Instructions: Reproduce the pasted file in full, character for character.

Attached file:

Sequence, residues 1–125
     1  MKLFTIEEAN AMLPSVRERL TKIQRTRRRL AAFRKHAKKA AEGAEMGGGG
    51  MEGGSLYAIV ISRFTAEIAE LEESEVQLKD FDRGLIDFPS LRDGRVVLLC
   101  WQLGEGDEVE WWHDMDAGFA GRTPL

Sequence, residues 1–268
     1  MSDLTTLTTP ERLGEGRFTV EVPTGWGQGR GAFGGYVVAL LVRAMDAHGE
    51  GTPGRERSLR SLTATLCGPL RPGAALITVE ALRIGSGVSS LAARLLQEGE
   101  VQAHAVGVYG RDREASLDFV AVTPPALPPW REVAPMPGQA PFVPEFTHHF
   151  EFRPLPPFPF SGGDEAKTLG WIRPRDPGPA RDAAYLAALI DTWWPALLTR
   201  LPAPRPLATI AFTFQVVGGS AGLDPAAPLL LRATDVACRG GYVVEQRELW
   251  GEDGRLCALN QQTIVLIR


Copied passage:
Sequence, residues 1–125
     1  MKLFTIEEAN AMLPSVRERL TKIQRTRRRL AAFRKHAKKA AEGAEMGGGG
    51  MEGGSLYAIV ISRFTAEIAE LEESEVQLKD FDRGLIDFPS LRDGRVVLLC
   101  WQLGEGDEVE WWHDMDAGFA GRTPL

Sequence, residues 1–268
     1  MSDLTTLTTP ERLGEGRFTV EVPTGWGQGR GAFGGYVVAL LVRAMDAHGE
    51  GTPGRERSLR SLTATLCGPL RPGAALITVE ALRIGSGVSS LAARLLQEGE
   101  VQAHAVGVYG RDREASLDFV AVTPPALPPW REVAPMPGQA PFVPEFTHHF
   151  EFRPLPPFPF SGGDEAKTLG WIRPRDPGPA RDAAYLAALI DTWWPALLTR
   201  LPAPRPLATI AFTFQVVGGS AGLDPAAPLL LRATDVACRG GYVVEQRELW
   251  GEDGRLCALN QQTIVLIR